Surface Marker Buoy (SMB)—Even more so than on regular dives, a surface marker buoy (SMB) or a delayed surface marker buoy (DSMB) is a necessity for drift diving. Each diver should carry their own SMB, and know how to deploy it at depth, just in case they get separated from the group and need to ascend on their own. SMBs and DSMBs will allow the dive boat or shore observer to locate the divers when they surface. Additionally, they make other boats in the area aware that there are divers below, helping to prevent divers from getting hit.

Surface Signaling Devices—In addition to a surface marker, each individual diver should also carry an array of signaling devices in case they surface far from the boat and need to get a boat crew’s attention. With drift diving, there is an increased probability that one or more divers will get lost or separated from the dive group. Audible devices such as a whistle or air horn and visual devices such as a mirror and a dive light will help to increase your visibility at the surface no matter how far away you are from the boat or exit point when you surface. Additionally, divers can carry an emergency beacon that emits a radio signal when turned on, making it easy for rescue personnel to locate divers in extreme situations.

Reef Hook—Just as it sounds, a reef hook is a small stainless-steel hook attached to a rope line that divers use to attach themselves to a fixed point on a reef to stay in one place. Reef hooks are extremely useful if one diver is too far ahead of the group and needs to wait for the group to catch up. Alternatively, they can be used to set yourself up for a front row seat to watch the action if you see something interesting you want to investigate. It is important that reef hooks be used carefully to avoid damaging fragile corals. They should only be hooked to non-living organisms such as rocks and dead coral.

7 Tips for Drift Diving

Competence in all basic scuba skills is a must for drift diving, and it should only be attempted by experienced scuba divers with an advanced certification, or open water divers who are accompanied by a dive professional. While most certification agencies offer a Drift Diving speciality course, you do not need a course to successfully complete a drift dive. What you do need is confidence in your abilities and a safe dive plan. Here are seven tips that will help prepare you for your next underwater magic carpet ride.

Tip #1: Choose a Reputable Dive Operator

Planning for a drift dive requires intimate knowledge of local currents, an experienced boat captain and crew, and a reliable dive professional to guide you along. Dive operators that have been diving in their area for many years are best positioned to ensure a safe dive. Make sure you do your homework by talking to the shop owner or manager and reading reviews of the business before you choose one. If it does not feel right, do not commit.

Tip #2: Streamline Your Equipment

One of the first considerations when you take the plunge into a current is to streamline your kit. If you have hoses dangling and or other equipment hanging off your body you are at risk of becoming entangled on rocks or corals. Obstacles and hazards can pop out of nowhere when you are travelling at a few knots. Do everything you can to minimize contact between yourself and the marine environment.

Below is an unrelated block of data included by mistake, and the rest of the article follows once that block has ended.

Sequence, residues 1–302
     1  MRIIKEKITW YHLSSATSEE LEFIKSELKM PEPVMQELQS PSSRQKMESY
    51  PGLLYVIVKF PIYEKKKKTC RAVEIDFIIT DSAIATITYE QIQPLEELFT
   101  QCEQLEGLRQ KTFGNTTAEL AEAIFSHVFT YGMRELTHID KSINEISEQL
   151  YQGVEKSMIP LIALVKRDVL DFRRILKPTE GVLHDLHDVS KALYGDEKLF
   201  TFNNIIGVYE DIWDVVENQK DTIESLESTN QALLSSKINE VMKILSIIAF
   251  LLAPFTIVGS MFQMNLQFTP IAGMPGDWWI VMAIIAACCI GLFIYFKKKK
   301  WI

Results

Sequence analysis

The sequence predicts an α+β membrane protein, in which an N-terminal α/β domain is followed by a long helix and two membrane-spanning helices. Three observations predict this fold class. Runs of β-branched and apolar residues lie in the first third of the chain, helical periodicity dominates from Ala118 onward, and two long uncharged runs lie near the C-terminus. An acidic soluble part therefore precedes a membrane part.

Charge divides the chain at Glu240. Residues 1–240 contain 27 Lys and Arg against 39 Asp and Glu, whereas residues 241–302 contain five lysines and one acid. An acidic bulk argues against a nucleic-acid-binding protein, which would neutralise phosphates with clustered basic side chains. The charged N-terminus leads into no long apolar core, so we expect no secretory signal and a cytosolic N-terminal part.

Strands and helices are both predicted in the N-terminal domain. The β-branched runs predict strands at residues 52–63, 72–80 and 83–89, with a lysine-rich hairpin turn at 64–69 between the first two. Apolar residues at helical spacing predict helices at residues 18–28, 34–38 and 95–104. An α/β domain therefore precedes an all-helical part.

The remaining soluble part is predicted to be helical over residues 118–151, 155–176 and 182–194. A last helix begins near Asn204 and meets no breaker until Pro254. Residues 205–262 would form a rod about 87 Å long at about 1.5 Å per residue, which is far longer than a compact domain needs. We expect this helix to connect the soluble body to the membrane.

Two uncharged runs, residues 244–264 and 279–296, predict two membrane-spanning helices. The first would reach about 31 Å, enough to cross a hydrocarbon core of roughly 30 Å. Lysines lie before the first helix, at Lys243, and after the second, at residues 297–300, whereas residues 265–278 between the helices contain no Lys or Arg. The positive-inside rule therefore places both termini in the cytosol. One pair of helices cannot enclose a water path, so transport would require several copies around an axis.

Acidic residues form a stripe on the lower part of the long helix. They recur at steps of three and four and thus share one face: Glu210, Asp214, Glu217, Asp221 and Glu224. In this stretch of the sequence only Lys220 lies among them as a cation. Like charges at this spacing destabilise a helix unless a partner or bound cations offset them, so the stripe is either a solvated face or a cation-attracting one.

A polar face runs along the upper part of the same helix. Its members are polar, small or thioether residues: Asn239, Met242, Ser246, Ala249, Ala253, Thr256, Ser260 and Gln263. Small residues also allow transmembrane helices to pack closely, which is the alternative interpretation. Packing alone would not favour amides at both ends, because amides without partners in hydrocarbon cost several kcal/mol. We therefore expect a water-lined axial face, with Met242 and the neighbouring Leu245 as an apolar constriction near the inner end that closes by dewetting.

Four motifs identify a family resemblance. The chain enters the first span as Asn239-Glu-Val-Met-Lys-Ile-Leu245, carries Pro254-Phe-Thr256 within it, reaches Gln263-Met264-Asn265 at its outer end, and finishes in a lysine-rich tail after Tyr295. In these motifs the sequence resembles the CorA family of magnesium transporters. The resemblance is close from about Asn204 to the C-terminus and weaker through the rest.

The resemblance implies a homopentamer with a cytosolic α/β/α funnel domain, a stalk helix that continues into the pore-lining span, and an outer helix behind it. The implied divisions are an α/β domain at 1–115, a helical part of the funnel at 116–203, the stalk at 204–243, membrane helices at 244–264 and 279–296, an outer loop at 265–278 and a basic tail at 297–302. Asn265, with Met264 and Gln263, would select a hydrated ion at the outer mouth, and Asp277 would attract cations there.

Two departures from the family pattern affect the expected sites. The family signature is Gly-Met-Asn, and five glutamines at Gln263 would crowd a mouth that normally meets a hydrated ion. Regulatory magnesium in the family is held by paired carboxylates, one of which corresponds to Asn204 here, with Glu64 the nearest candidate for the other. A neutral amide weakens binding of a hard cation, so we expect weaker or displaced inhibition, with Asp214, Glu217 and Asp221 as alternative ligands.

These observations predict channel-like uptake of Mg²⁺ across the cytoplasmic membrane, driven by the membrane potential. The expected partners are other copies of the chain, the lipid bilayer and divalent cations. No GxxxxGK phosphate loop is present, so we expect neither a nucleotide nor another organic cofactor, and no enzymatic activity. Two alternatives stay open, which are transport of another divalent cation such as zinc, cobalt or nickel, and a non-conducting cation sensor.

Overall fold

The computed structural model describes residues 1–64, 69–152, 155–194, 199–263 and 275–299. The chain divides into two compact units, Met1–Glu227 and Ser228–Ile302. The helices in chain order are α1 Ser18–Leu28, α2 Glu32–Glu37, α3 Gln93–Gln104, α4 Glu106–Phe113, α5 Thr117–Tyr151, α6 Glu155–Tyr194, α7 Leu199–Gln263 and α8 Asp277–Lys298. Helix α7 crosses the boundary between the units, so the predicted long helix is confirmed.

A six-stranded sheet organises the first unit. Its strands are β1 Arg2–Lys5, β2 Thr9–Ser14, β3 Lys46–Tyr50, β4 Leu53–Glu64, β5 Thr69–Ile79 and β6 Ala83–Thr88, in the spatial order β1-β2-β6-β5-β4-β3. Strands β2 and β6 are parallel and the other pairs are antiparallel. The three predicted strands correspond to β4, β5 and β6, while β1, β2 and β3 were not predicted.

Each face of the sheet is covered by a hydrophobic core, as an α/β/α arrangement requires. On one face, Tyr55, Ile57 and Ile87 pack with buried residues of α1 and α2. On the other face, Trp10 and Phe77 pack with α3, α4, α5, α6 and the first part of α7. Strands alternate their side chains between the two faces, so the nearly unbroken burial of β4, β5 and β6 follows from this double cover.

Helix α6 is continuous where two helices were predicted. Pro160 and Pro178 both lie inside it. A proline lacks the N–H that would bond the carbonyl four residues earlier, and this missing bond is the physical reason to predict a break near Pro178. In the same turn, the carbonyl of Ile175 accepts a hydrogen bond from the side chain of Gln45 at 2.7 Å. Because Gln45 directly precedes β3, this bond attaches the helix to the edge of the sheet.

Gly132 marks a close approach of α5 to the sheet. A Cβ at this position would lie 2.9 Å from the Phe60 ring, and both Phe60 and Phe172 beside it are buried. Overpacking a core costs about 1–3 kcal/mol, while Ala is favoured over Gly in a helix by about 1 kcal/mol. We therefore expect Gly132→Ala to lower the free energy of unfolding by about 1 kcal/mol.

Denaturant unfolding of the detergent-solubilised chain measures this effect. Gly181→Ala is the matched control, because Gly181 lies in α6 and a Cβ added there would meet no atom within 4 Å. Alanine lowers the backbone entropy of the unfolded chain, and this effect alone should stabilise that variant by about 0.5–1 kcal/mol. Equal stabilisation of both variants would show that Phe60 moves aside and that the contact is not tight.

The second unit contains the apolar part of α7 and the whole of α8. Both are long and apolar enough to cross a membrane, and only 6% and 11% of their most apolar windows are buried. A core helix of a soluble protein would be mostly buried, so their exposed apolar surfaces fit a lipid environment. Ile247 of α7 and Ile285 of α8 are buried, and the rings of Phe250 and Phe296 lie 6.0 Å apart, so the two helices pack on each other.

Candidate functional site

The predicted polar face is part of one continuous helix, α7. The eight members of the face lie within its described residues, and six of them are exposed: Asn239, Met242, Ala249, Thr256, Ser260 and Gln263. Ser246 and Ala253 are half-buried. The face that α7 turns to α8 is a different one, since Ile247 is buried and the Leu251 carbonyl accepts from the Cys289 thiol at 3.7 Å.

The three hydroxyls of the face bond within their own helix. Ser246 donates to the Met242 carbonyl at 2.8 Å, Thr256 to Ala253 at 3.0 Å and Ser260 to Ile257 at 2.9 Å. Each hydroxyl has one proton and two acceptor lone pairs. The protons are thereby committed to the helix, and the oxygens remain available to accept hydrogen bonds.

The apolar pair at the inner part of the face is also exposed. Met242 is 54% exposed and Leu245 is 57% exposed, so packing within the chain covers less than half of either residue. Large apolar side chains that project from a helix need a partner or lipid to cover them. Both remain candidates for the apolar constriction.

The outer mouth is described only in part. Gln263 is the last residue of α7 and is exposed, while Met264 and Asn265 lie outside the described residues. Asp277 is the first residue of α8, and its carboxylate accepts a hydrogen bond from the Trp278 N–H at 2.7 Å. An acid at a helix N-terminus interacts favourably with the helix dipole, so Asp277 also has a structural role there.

Tip #3: Maintain Neutral Buoyancy

Currents can rapidly carry you upwards or drag you downwards. This is especially dangerous when diving a current along a wall where the bottom is seemingly endless. Make sure to watch your depth gauge like a hawk to stay aware of sudden changes in depth. Maintain your buoyancy at or near the agreed-upon depth for the dive and fin where necessary to make corrections.

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Drift diving along a deep wall requires excellent buoyancy control.

Tip #4: Adjust Your Trim

If you dive in the normal, horizontal position with your knees at 90 degrees and above your waist, the current can easily flip your body in ways that will make you lose control. Adjust your trim and adopt a body position better-suited to diving in a current. The goal is to have your body somewhat vertical, so that your fins are below your waist. Finding the right position will take some trial and error. Keep in mind that the more vertical you are, the more surface area will be caught by the current, and the faster you will go. Find the right balance.

Tip #5: Ride the Wave, Don’t Fight It

The whole point of a drift dive is to let the current take you where it will. Do not try to swim against it. The current will almost always win, leaving you exhausted and low on air in the process. Use the current as an asset but make sure not to swim with it; the current is enough to propel you along the reef or wall. If you swim with it, you will end up travelling too far, too fast. Not only will you miss out on the sights, you might also become separated from your group.

Tip #6: Use the Marine Environment to Your Advantage

The natural marine environment offers several features and places where you can seek refuge from the current if you need to wait for other members of your dive group or if you simply want to take a break. First, current is weaker near the bottom, so staying close to the bottom can help you slow down. Second, the natural topography of many dive sites includes an endless array of features, such as large rocks, coral outcrops or small caves that can help protect you from the water flow. Do as the fish do and find the best places to hide out.

Tip #7: Stick Together

It is of utmost importance to stay close to your buddy and the other divers in your group while drift diving. If you do not stay together, one or more divers may be taken away for an unwanted ride. Do not underestimate the power of a current, which can take a diver far, far away in just seconds. Make sure to check in and regroup at the beginning of the dive and to maintain a close distance to the other divers throughout the dive.

Drift Safely and You Shall be Rewarded

By taking following the above recommendations, and the instructions of your dive guide, you can learn how to harness the power of the ocean currents for a fun recreational scuba adventure. Many divers regard drift diving as their favorite type of diving and after you try it and master the techniques, it is easy to see why. All aboard the Underwater Express!